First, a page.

This page is under construction. Many more photos and some more text to be added ASAP.
A business trip to Oslo just around the longest day of the year offered the perfect opportunity
to experience a couple of polar days by going 'merely' some 1000 km north.
Since it turned out that nobody would join me for this excursion, I gave up the idea of doing the trip by car.
Instead I made good use of a relatively new and inexpensive offer:
the InterRail One Country Pass for Norway.
With some careful planning, I could touch basically all parts of Norway that
are accessible by train within just the six days and seven nights
that I had at my disposal, taking advantage of the quite efficient net of long-distance (mostly) night trains:
|Date ||Departure ||Mode of transport ||Arrival
|19.6. ||09:05 MUC ||flight SK 3678 ||11:10 Gardermoen Oslo Lufthavn (OSL)
|22./23.6. ||22:47 Oslo S ||night train ||07:18 Stavanger (S=Sentralsatsjon: central station)
|23./24.6. ||22:20 Stavanger ||night train ||06:40 Drammen
|24.6. ||07:12 Drammen ||train ||11:41 Myrdal
|24.6. ||17:53 Voss ||train ||19:05 Bergen
|24./25.6. ||22:58 Bergen ||night train ||06:26 Oslo S
|25.6. ||08:07 Oslo S ||train ||14:45 Trondheim
|25./26.6. ||23:35 Trondheim ||night train ||09:13 Bodø
|26.6. ||10:15 Bodø ||ferry ||13:30 Moskenes (on Lofoten)
|28.6. ||06:30 Svolvær ||express boat ||10:00 Bodø (back from Lofoten)
|28.6. ||12:15 Bodø ||train ||22:10 Trondheim
|28/29.6. ||23:05 Trondheim ||night train ||06:06 OSL
|29.6. ||07:10 OSL ||flight SK 1463 ||08:20 Copenhagen (CPH)
BTW, for Norwegian long-distance trains and in particular night trains, reservation is mandatory,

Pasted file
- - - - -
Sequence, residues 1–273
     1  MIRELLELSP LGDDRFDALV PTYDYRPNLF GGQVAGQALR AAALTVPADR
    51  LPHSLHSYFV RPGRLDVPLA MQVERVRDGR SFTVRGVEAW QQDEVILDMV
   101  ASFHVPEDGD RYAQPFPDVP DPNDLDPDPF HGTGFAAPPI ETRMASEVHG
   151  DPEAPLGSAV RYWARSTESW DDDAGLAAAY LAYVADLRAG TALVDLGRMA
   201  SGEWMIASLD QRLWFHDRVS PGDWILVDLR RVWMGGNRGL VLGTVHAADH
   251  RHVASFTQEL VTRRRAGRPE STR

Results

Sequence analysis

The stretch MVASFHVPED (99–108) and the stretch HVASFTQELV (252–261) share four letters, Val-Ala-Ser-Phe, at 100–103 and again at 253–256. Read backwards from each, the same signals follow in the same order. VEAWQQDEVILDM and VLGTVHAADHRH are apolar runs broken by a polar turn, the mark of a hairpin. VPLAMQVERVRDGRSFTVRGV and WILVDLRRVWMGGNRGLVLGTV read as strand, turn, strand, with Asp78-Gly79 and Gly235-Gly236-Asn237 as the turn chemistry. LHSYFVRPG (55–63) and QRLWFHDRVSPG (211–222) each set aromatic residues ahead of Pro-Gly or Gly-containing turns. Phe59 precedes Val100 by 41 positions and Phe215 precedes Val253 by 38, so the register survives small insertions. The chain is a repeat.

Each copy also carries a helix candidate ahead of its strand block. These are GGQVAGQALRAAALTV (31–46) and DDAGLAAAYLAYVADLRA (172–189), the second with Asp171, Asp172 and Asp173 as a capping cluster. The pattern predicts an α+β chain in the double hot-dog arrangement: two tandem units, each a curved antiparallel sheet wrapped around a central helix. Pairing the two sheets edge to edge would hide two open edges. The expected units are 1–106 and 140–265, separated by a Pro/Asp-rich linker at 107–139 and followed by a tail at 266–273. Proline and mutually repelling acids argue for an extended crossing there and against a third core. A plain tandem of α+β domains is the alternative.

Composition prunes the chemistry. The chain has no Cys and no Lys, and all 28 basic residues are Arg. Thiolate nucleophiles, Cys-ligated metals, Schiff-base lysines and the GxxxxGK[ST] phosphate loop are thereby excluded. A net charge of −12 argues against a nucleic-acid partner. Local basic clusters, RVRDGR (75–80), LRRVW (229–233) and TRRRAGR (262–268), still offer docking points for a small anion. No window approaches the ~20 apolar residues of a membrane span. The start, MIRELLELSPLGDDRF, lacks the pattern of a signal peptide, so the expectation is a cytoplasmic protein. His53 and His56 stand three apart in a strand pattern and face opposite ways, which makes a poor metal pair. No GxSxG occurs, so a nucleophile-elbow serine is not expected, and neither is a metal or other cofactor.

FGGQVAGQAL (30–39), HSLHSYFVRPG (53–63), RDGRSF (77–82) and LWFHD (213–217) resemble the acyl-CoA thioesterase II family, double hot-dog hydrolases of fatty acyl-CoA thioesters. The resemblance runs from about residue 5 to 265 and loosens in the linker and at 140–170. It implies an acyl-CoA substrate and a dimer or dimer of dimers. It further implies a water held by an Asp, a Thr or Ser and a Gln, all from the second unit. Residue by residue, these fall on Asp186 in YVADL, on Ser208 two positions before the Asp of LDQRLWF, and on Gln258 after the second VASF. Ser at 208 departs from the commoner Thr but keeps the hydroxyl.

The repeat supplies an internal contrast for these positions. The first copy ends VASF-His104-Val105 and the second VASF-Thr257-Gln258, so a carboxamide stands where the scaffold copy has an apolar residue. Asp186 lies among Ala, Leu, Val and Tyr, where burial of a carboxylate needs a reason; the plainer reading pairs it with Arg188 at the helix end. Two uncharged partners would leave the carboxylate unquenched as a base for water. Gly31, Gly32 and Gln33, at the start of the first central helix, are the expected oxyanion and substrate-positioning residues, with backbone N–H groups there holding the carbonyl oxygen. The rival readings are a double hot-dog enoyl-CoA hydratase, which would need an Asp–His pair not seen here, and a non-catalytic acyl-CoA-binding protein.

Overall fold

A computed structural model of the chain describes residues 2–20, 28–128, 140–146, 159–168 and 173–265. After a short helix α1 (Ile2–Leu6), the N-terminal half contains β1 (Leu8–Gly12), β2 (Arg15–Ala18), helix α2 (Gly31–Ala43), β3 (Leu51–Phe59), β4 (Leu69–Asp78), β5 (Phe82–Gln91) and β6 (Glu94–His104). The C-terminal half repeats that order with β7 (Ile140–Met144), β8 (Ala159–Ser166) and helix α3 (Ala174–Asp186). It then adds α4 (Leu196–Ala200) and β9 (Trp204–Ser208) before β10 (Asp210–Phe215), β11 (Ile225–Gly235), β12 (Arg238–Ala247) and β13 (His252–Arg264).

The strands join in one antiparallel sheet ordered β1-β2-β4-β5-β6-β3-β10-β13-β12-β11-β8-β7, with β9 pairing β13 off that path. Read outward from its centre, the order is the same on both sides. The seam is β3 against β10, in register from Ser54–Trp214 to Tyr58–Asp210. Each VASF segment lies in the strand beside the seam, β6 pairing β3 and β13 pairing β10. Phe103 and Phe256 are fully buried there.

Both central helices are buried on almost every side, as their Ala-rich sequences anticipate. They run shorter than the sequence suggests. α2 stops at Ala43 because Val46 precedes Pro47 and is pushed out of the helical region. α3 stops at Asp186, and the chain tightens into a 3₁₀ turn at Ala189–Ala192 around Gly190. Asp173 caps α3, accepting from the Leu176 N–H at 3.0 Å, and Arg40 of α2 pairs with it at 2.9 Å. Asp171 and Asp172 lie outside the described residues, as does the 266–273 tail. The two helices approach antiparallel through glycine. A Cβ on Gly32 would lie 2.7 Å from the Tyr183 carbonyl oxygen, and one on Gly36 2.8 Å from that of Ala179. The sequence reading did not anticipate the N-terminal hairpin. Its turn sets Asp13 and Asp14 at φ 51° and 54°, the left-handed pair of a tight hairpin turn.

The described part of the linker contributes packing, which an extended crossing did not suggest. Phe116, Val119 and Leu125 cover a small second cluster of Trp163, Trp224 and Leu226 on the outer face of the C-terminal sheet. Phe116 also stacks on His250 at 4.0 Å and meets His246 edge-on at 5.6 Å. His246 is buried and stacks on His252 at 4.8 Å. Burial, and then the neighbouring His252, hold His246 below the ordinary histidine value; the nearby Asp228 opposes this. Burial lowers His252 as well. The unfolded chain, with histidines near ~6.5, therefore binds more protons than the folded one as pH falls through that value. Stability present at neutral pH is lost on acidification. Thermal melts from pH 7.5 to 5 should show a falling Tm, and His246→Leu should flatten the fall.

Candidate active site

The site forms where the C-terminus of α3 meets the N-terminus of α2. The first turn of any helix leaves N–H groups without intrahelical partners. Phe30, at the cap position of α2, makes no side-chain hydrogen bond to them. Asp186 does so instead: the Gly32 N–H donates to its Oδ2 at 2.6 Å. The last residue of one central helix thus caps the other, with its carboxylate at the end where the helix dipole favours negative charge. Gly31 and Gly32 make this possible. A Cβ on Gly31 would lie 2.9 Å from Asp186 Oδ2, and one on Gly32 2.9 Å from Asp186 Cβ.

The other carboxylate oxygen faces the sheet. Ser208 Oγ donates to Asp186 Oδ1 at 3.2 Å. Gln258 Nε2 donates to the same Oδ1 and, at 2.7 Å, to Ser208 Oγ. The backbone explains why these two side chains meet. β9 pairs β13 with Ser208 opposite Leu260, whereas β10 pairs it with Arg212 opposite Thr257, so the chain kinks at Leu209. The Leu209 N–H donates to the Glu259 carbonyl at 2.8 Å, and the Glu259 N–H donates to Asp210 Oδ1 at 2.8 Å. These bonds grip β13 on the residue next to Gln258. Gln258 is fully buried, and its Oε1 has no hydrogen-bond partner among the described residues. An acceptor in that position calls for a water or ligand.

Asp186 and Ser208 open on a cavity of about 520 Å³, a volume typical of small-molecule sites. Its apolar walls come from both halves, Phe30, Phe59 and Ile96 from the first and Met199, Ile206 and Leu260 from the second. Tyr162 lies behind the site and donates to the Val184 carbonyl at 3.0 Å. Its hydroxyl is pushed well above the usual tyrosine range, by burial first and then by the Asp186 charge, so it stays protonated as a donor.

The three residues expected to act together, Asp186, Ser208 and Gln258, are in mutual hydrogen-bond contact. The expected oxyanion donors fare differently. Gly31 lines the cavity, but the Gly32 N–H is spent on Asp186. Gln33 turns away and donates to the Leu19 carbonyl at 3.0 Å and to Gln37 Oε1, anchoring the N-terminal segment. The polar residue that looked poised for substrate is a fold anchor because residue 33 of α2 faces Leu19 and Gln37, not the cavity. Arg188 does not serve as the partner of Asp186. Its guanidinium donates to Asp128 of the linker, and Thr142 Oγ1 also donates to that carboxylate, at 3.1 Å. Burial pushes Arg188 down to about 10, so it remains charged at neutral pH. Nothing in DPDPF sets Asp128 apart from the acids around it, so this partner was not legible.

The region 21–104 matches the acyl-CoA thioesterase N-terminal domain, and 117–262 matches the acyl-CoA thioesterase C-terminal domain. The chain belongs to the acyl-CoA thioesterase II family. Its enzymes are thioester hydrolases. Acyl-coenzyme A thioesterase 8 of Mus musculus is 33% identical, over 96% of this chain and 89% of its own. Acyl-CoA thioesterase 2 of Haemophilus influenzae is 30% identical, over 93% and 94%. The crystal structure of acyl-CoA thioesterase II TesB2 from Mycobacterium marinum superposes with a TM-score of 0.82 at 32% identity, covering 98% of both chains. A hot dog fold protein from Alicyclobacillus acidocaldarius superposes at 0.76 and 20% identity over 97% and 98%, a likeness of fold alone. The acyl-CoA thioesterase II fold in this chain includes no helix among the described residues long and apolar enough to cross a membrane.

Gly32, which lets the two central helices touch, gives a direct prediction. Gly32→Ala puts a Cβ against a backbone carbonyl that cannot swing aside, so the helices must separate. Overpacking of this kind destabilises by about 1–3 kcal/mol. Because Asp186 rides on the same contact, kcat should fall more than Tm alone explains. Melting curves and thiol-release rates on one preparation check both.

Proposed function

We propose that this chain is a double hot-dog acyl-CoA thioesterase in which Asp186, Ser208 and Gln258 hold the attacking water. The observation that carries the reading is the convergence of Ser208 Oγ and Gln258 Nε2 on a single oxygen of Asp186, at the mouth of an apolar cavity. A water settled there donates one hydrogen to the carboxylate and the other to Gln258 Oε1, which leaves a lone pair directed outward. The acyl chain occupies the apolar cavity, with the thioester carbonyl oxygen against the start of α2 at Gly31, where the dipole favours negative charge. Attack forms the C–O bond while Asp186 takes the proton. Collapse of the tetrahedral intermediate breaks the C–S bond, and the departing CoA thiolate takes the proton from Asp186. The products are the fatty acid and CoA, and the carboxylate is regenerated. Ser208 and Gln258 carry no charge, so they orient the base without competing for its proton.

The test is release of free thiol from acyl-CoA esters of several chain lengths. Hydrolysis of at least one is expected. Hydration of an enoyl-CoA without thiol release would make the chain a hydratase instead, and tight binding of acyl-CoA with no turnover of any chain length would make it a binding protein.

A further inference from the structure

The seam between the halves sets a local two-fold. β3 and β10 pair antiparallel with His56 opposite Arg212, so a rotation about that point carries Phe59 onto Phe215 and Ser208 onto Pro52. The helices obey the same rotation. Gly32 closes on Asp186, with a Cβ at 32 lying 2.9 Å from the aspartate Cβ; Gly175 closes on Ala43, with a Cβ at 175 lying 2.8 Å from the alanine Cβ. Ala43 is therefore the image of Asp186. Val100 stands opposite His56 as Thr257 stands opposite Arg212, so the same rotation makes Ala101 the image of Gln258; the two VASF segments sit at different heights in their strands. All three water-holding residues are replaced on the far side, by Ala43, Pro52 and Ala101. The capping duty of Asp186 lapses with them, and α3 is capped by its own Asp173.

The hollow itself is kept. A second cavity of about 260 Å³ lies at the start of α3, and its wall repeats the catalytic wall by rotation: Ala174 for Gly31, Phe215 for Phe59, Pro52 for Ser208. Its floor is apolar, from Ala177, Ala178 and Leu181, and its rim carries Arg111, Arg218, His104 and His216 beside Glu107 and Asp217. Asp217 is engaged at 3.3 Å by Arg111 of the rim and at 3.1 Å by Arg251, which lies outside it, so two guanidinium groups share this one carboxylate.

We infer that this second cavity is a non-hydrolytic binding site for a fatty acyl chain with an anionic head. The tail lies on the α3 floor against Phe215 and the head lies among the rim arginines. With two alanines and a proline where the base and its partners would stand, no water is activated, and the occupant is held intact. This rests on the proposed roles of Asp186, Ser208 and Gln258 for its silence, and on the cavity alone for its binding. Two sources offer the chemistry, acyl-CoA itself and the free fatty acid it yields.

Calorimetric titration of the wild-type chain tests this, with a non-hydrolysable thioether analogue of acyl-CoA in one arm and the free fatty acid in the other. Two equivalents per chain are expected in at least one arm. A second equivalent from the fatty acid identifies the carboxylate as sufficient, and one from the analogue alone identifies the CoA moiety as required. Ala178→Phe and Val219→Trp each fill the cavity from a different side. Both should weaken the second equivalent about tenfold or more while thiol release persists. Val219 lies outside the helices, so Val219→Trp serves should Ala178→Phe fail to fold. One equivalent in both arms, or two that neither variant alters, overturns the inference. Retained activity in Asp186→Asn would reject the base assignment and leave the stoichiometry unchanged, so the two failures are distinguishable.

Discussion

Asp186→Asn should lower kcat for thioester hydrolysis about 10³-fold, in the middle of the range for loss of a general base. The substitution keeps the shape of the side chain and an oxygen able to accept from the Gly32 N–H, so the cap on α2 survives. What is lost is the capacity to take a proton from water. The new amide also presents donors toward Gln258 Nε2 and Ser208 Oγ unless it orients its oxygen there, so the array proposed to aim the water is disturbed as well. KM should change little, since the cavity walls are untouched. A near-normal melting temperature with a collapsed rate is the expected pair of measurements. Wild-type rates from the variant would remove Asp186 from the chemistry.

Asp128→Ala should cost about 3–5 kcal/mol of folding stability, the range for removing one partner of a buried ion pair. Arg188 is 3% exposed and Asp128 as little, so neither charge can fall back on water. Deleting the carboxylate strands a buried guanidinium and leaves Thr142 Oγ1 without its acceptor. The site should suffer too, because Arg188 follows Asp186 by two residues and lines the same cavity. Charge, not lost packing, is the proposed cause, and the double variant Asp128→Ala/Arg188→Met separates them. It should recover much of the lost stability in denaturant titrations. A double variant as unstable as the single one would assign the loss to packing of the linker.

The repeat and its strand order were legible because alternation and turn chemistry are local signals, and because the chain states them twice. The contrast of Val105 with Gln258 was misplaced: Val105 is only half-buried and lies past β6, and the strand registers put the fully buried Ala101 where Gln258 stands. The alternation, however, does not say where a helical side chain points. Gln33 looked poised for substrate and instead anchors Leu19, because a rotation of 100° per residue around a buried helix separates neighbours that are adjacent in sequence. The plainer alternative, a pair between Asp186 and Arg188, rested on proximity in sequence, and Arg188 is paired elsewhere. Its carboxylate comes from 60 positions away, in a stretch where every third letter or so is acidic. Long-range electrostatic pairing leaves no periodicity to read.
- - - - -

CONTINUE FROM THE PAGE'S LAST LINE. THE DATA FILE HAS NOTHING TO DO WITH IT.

but usually can be done on short notice at a train station as the trains are rarely fully booked.
Most of the "Komfort" class seats and all the night train seats have a power plug.
In some trains there is even free Internet access via wifi; one just needs to register (giving any 8-digit number as 'phone number').
There is one critical factor that is nearly impossible to plan with, in particular in Norway: weather.
In summer, one may be lucky to have a relatively stable and warm period with clear skies,
or may be unlucky to have an awfully rainy time with very low-hanging clouds, or most likely: a mixture of both.
In may case, weather was not perfect - but better than forecasted - in Oslo,
unpleasantly cloudy and slightly rainy in the south, west, and middle of the country,
and - thanks goodness - mostly sunny for the most scenic area: the Lofoten islands above the Arctic circle.
Oslo is a pleasant, not too large and pretty green city. What I liked most there is - of course - the Vigeland Park,
but also the Fram museum and the pedestrian area stretching from the king's castle to the central train station.
When I arrived in Stavanger, it was raining, so I waited at the boring train station
until the rain stopped at noon, when I still had enough time for the excursion to climb the famous
Preikestolen (Pulpit Rock):
(More information how to get there may be found here
Going fast, I took about an hour for both the way up and down. Views from the top were very limited due to clouds.
After return to Stavanger, rather than doing a photo stroll in the city center,
I made good use of the free (though rather slow) wireless Internet access
kindly offered at the Tide ferry terminal (and on their ferries as well).
|12:30 Stavanger || ferry+bus || 13:35 Preikestolhytta
|16:45 Preikestolhytta || bus+ferry || 17:50 Stavanger
The train ride from Oslo to Bergen is known for the very spectacular landscape it traverses,
including the Hardangervidda, which is the largest highlands of Europe, and many tunnels near the shore.
A propos tunnels: as one of the bus drivers put it: Norway is beautiful also from the inside ;-)